Jacob is a wonderful character because Jacob isn’t perfect. Far from it! He spends his energy ensuring that he comes out on top of whatever situation he is in. And that includes stealing his twin’s birthright. Oops. Jacob’s choice doesn’t work out so great for either of them. Jacob’s miscalculation (or put another way: deceitfulness) results in a murderous brother in pursuit. Jacob may be the son of Isaac and the grandson of Abraham, but he is keenly aware that he is in big trouble.
Amy Poling Sutherlun writes, “What should ultimately amaze us is not that God comes from heaven to earth, but that God comes to flawed and faithless folks like Jacob. God comes to the wanderers and the wrestlers, to the lost and the least.” (p. 15)
A fitful sleep with a rock as a pillow brings spent Jacob a dream of dancing angels and a ladder that connects heaven and earth. And it is only then that Jacob realizes that God has “stood beside him” (Gen. 28:13), no matter what. God’s generous offer of covenant just didn’t (couldn’t!) initially compute with someone like Jacob. Jacob measures and calculates. From a bargainer’s standpoint, how could this be a good “deal” for God?
I really appreciate the author’s humor poking through in the last paragraph of lesson one:
Jacob erects a pillar to mark the place of God’s appearance and appropriately names the site ‘Bethel,’ which, in Hebrew means ‘house of God.’ Then Jacob takes things a step further, vowing, ‘If God will be with me, and will keep me [sound familiar?] . . . and give me bread to eat and clothing to wear, [Jacob is ever a bargainer of blessings] so that I come again to my father’s house in peace, then the Lord shall be my God . . .’ [emphasis mine]. Jacob even promises to give back to God one-tenth of all he is given. With this vow, Jacob, who has always sought his own gain, subtly yields his life to the Lord who not only stood beside Jacob in the past, but promises to be with him wherever he goes.” (p. 16)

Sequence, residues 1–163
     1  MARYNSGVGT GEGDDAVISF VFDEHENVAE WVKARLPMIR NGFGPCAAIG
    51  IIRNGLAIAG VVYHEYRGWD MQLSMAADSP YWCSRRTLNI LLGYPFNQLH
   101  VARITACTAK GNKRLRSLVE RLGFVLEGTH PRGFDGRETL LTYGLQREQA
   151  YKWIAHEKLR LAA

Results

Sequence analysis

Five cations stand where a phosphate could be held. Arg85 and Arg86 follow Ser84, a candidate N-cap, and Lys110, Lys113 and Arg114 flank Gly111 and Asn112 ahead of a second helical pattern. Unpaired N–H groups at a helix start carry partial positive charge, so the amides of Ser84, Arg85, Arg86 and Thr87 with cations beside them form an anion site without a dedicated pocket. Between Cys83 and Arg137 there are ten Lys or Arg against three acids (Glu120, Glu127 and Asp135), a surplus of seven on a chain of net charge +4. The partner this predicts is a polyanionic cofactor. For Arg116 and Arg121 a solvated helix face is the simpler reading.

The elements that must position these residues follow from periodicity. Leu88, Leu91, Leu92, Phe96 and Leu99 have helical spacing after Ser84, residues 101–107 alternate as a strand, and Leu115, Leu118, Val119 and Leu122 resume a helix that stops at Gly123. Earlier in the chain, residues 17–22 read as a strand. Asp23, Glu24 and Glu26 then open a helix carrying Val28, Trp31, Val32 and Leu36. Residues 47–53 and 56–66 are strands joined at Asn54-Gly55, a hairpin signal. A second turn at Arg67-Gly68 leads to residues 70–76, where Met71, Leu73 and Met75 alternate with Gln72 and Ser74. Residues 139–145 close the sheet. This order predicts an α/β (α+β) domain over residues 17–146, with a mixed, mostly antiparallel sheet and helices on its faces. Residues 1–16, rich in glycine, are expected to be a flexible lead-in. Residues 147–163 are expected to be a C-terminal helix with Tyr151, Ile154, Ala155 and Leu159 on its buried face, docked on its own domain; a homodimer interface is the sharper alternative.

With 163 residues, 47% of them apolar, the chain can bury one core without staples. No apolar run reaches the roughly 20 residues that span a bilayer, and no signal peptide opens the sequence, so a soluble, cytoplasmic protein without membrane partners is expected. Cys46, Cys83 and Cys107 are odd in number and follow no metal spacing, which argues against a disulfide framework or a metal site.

Jacob carves out a new way of living, albeit with an “if-then” statement or two that seals the deal! Jacob is Jacob, after all. It is interesting to note that Jacob alone offers “if-then” statements here. John Goldingay muses, “If God waited for there to be people who would fulfill ‘if’ clauses before working through them, God would wait forever.” (p. 91) Further: “There is nothing contractual about the relationship God wants to have with Jacob, but there is everything contractual about the relationship Jacob wants to have with God. Jacob is always the calculator.” (p. 91)
So how do we mortals please the One who is Generous and Faithful? Perhaps we can attempt to mirror these traits of generosity and faithfulness. Living out the PW Purpose offers Presbyterian women a way to live in thanksgiving to the One who stands with us.
The author of this year’s study is a Texas native and she sprinkles her presentations with a big bit of Texas pride. In that spirit, I share with you a poem I found in (of all things) a souvenir address book from South Dakota! Here is an excerpt from “A Cowboy’s Prayer” by Badger Clark (poet laureate to boot!):
Make me as big and open as the plains,
As honest as the hawse between my knees,
Clean as the wind that blows behind the rains,
Free as the hawk that circles down the breeze!
Forgive me, Lord, if sometimes I forget.
You know about the reasons that are hid.
You understand the things that gall and fret;
You know me better than my mother did.
Just keep an eye on all that’s done and said
And right me, sometimes, when I turn aside,
And guide me on the long, dim, trail ahead
That stretches upward toward the Great Divide.
PW Marketing Associate